Following the capture of Damascus, by the Egyptian Expeditionary Force (EEF) and Lawrence’s Arab forces, the Central Powers were collapsing and the EEF was required to push on to Aleppo, 320 km (200 miles) to the north. After a brief period of consolidation, the advance continued and Aleppo fell on the 26th October 1918. Four days later the Turkish signed the Armistice of Mudrus on the 30th October 1918.

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In the Caucasus, military operations were halted when the Turkish-Ottoman Empire signed the Armistice of Mudros on the 30th October 1918. Following the defeat of the British-Armenian-White Russian forces at the Battle of Baku on the 14th September 1918, the Turkish Empire held the territory until the armistice. On the 27th August 1918, Germany had provided financial assistance to the Russian Bolshevik government to stop the Turkish Army of Islam in return for guaranteed access to Baku’s oil. However, a severe political crisis in Germany rendered the Caucasus expedition abortive. On the 21st October 1918, the German government ordered the withdrawal of all troops from the region denying support to the Turkish-Azerbaijani coalition. The Turks surrendered to the Allies and signed the Armistice on the 30th October 1918. The war with Turkey was over.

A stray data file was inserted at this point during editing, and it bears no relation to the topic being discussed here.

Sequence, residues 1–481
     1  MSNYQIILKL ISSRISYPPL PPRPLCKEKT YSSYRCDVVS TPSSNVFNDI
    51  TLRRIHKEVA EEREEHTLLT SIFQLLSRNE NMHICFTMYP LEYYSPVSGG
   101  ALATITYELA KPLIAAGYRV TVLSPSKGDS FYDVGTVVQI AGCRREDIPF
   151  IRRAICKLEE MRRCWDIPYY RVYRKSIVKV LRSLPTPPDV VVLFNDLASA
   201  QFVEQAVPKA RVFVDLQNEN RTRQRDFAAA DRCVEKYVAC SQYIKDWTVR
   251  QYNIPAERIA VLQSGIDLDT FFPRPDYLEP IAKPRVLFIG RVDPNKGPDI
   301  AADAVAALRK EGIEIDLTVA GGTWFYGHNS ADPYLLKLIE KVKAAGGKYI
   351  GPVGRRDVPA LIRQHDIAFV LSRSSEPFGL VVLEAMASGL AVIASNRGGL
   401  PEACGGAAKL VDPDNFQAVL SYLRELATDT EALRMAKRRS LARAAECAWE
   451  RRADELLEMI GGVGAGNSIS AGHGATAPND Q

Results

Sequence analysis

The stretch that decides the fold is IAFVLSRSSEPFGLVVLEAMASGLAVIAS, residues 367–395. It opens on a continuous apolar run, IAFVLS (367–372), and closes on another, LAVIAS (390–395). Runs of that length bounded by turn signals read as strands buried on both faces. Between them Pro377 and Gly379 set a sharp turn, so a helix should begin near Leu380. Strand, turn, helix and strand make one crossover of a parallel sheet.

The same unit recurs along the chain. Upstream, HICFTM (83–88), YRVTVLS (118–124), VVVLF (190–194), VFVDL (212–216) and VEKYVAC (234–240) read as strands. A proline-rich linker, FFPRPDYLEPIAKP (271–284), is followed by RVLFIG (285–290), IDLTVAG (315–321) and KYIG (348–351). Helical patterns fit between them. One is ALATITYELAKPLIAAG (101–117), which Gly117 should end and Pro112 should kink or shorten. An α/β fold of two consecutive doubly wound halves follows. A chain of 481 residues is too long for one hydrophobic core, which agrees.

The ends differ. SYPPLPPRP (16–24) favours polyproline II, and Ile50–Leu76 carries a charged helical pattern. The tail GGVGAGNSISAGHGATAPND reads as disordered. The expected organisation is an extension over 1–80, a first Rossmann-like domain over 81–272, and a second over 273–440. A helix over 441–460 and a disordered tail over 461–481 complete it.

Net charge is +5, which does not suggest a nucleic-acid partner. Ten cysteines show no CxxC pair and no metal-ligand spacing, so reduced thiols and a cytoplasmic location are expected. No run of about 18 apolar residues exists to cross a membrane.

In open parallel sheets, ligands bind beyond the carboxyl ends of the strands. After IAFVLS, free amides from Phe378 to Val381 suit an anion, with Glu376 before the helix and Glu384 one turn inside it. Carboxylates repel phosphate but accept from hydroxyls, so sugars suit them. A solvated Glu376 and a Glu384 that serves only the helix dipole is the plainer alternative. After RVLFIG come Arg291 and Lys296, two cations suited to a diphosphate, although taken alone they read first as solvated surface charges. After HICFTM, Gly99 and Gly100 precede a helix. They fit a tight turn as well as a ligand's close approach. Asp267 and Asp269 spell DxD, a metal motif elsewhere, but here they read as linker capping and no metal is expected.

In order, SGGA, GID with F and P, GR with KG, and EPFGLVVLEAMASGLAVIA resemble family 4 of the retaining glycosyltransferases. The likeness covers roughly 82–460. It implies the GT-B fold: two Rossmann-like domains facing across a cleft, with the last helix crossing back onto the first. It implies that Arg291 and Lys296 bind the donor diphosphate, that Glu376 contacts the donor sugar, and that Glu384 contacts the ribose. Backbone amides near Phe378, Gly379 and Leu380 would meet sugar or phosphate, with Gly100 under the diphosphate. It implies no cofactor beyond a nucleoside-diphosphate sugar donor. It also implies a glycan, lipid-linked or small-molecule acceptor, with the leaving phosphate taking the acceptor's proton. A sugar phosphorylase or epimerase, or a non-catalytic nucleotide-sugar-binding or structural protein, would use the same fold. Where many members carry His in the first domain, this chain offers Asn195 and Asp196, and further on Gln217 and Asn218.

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Over four years the campaign in the Middle East had sucked in nearly 1,200,000 men from all over the British Empire. With over 5,000 lost in battle and over 500,000 through disease, what was achieved is difficult to understand. If the intention was to knock Turkey out of the war, the EEF had failed as the Turks surrendered only a few weeks before the Germans. Could the forces on the Western Front have been better served if the resources not been diverted to the Middle East, Mesopotamia and Salonika?